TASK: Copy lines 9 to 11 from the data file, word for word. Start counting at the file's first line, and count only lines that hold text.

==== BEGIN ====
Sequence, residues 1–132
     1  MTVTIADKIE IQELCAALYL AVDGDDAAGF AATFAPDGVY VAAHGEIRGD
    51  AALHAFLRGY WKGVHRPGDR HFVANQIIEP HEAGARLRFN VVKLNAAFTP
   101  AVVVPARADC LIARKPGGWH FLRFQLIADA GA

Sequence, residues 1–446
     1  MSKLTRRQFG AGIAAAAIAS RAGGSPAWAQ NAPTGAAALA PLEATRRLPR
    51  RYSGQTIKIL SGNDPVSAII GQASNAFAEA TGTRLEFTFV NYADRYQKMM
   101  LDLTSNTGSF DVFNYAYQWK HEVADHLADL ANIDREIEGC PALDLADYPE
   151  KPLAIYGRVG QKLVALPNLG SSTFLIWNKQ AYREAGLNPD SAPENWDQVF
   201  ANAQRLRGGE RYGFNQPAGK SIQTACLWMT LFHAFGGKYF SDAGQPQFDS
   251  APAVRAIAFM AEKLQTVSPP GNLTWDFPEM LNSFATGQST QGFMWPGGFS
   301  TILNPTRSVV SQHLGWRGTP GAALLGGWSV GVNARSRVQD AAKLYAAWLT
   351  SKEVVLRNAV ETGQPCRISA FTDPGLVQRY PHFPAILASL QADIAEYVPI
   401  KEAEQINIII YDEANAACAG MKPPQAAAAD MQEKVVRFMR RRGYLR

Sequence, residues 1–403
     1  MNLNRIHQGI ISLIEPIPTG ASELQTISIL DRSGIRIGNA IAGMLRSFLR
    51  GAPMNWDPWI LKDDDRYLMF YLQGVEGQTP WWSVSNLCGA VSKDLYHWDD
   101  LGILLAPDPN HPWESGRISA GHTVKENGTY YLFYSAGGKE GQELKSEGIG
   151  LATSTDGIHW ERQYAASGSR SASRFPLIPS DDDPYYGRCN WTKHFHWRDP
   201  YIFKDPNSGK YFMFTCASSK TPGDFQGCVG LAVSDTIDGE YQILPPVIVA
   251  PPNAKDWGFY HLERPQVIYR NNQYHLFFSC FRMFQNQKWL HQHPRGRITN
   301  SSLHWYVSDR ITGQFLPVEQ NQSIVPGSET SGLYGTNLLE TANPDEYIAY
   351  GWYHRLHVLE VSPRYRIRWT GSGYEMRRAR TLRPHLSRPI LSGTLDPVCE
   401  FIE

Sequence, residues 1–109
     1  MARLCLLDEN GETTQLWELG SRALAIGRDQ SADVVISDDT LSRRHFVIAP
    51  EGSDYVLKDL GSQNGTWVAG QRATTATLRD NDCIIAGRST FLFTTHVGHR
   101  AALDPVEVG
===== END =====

   151  KPLAIYGRVG QKLVALPNLG SSTFLIWNKQ AYREAGLNPD SAPENWDQVF
   201  ANAQRLRGGE RYGFNQPAGK SIQTACLWMT LFHAFGGKYF SDAGQPQFDS
   251  APAVRAIAFM AEKLQTVSPP GNLTWDFPEM LNSFATGQST QGFMWPGGFS